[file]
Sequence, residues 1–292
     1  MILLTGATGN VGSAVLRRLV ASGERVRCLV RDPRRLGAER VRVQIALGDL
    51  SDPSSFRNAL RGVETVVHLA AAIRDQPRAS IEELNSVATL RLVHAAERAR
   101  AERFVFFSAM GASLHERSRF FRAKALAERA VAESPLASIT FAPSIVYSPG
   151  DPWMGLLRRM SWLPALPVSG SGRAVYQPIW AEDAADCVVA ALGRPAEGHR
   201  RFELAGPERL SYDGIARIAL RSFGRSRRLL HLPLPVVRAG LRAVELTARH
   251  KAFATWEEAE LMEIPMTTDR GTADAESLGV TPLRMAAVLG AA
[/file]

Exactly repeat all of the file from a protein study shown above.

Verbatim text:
Sequence, residues 1–292
     1  MILLTGATGN VGSAVLRRLV ASGERVRCLV RDPRRLGAER VRVQIALGDL
    51  SDPSSFRNAL RGVETVVHLA AAIRDQPRAS IEELNSVATL RLVHAAERAR
   101  AERFVFFSAM GASLHERSRF FRAKALAERA VAESPLASIT FAPSIVYSPG
   151  DPWMGLLRRM SWLPALPVSG SGRAVYQPIW AEDAADCVVA ALGRPAEGHR
   201  RFELAGPERL SYDGIARIAL RSFGRSRRLL HLPLPVVRAG LRAVELTARH
   251  KAFATWEEAE LMEIPMTTDR GTADAESLGV TPLRMAAVLG AA